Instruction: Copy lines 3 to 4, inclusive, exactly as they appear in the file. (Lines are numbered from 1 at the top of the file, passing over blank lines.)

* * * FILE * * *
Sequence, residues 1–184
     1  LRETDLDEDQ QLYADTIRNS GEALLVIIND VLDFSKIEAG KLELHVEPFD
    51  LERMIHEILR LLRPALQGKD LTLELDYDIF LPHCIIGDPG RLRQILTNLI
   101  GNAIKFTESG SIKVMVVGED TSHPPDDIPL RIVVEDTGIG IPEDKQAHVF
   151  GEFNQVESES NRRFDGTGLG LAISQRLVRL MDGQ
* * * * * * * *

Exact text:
    51  LERMIHEILR LLRPALQGKD LTLELDYDIF LPHCIIGDPG RLRQILTNLI
   101  GNAIKFTESG SIKVMVVGED TSHPPDDIPL RIVVEDTGIG IPEDKQAHVF